Tax Increment Financing (TIF) Meets Transfer of Development Rights (TDR)

PSS News, Puget Sound Section, Washington Chapter of the American Planning Association

July 2011

By Duncan Greene

Tax increment financing (TIF) is a tool for financing public infrastructure improvements in designated areas by redistributing property tax collections within those areas. While TIF has been widely used in other states, the use of TIF in Washington State has been limited by our Constitution, which requires the state's share of property taxes to be used exclusively for public schools. In recent years, the legislature has created a number of TIF-type programs, such as the Local Infrastructure Financing Tool (LIFT) program, that attempt to avoid this legal hurdle by redistributing only those taxes that are not part of the state's share. However, because the LIFT program requires a voluntary agreement by the surrounding county to share its revenues with the participating city, participation in the program has been limited.

In 2011, the legislature passed legislation (ESSB 5253) that could facilitate the use of TIF in conjunction with Transfer of Development Rights (TDR) programs. TDR is a mechanism that allows landowners to transfer potential development rights from "sending areas" with lower population densities (such as farmland, forestland, and rural lands) to "receiving areas" with higher population densities. This transfer mechanism allows the landowner in the sending area to receive compensation for development that could have occurred on that land.

Building on prior legislation that created a regional TDR program in central Puget Sound, ESSB 5253 creates a framework for financing infrastructure improvements within "Local Infrastructure Project Areas" through increased tax revenues derived from higher-density development in those areas. ESSB 5253 includes detailed requirements for eligible counties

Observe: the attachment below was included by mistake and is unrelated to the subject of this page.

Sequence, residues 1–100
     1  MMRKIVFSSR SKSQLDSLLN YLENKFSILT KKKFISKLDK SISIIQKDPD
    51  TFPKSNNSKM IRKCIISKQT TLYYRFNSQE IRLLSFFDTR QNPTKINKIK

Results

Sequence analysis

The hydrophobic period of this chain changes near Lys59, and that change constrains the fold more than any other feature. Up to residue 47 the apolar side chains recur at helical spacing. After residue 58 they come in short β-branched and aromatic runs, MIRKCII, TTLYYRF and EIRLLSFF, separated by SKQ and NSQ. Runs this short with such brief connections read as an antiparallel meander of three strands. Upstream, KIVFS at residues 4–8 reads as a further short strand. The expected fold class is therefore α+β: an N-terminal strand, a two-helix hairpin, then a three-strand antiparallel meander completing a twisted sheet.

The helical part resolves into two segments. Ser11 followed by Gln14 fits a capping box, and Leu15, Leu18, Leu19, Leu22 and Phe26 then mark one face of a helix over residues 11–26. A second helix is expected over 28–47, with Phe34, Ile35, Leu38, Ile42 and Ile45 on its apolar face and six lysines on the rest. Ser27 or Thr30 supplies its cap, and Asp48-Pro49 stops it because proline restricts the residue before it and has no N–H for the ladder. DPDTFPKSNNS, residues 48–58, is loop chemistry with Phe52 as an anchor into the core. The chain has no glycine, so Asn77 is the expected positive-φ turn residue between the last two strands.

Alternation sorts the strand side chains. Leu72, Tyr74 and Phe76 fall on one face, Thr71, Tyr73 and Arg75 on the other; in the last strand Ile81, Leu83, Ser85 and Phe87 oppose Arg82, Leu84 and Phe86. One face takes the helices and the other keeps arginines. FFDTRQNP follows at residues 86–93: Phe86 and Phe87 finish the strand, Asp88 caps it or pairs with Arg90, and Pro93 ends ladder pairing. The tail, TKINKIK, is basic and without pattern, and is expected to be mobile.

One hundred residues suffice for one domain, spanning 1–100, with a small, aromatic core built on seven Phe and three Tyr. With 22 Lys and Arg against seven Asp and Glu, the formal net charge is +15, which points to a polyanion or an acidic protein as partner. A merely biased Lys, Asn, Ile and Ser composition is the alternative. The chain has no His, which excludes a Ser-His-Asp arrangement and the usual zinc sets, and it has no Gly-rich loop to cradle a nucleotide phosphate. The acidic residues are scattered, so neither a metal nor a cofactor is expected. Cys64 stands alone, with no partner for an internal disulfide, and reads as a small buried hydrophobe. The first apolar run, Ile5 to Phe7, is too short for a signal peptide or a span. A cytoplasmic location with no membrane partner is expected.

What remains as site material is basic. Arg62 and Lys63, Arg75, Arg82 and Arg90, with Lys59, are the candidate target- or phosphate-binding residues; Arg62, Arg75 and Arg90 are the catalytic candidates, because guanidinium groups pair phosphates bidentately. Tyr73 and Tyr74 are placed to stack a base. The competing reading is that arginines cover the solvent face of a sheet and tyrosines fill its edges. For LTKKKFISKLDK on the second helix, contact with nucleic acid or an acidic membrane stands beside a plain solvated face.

• to designate agricultural and forest land (and possibly some rural zones lands) as sending areas;
  • to calculate the number of development rights eligible for transfer; and
  • to report those numbers to the Puget Sound Regional Council (PSRC) by September 1, 2011.

PSRC will then allocate development rights among receiving cities and report those allocations to cities by March 1, 2012.

Before a receiving city can participate in the Local Infrastructure Project Area (LIPA) program, the city must take a number of steps, such as the following:

  • Adopting a development plan for infrastructure in consultation with the State Department of Transportation and the county where the LIPA is to be located;
  • Adopting certain regulations intended to facilitate TDR transactions, including developer incentives (such as streamlined permitting and environmental review) and TDR "exchange rates"; and
  • Holding a public hearing on the proposed formation of the LIPA.

Once a LIPA is created, the sponsoring city will be eligible to receive a portion of regular property taxes levied on the revenue value within the LIPA.

Of course, until development activity picks up and creates demand for greater density, there will be little participation in TDR programs. But in the meantime, some Puget Sound counties and cities are laying the groundwork for more comprehensive TDR programs. If they are successful and development activity eventually drives greater interest in TDR programs, TDR and LIPA mechanisms could be used to achieve landscape-scale conservation, increase density in appropriate urban areas, and provide much-needed financing for infrastructure in those areas, making them more attractive and livable for urban dwellers.


This article originally appeared in the July-September 2011 edition of the PSS News, the newsletter of the Puget Sound Section, Washington Chapter of the American Planning Association. Access the full newsletter here.

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